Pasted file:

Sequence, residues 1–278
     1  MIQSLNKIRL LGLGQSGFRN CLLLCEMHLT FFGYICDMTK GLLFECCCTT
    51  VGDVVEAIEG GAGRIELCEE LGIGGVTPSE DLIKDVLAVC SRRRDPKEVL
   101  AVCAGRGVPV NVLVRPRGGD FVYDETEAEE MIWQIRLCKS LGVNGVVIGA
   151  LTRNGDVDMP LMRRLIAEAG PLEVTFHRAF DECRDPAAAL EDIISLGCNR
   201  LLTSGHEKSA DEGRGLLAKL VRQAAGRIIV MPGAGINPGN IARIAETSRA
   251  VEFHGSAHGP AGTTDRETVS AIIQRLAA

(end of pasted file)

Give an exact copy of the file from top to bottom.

Sequence, residues 1–278
     1  MIQSLNKIRL LGLGQSGFRN CLLLCEMHLT FFGYICDMTK GLLFECCCTT
    51  VGDVVEAIEG GAGRIELCEE LGIGGVTPSE DLIKDVLAVC SRRRDPKEVL
   101  AVCAGRGVPV NVLVRPRGGD FVYDETEAEE MIWQIRLCKS LGVNGVVIGA
   151  LTRNGDVDMP LMRRLIAEAG PLEVTFHRAF DECRDPAAAL EDIISLGCNR
   201  LLTSGHEKSA DEGRGLLAKL VRQAAGRIIV MPGAGINPGN IARIAETSRA
   251  VEFHGSAHGP AGTTDRETVS AIIQRLAA